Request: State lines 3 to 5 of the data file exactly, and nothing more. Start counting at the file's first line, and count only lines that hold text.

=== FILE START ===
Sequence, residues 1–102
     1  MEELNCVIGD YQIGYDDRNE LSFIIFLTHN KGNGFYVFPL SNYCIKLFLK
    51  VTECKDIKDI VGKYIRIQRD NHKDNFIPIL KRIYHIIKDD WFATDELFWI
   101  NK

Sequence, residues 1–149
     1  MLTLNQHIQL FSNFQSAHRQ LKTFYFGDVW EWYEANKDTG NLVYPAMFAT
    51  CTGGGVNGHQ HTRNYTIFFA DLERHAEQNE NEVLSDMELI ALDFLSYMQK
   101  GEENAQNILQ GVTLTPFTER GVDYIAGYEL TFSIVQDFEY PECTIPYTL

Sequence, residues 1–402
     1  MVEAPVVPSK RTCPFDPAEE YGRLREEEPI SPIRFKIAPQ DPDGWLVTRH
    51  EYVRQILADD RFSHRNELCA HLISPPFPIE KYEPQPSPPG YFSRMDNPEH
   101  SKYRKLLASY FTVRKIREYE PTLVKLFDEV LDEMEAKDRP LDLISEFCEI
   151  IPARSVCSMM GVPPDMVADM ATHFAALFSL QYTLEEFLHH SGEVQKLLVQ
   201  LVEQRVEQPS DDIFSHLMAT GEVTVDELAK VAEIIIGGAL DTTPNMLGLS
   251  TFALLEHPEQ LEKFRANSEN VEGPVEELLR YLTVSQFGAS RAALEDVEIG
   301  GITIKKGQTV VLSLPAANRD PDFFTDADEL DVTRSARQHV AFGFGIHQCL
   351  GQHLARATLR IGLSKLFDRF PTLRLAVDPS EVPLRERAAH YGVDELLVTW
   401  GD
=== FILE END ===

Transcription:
    51  VTECKDIKDI VGKYIRIQRD NHKDNFIPIL KRIYHIIKDD WFATDELFWI
   101  NK

Sequence, residues 1–149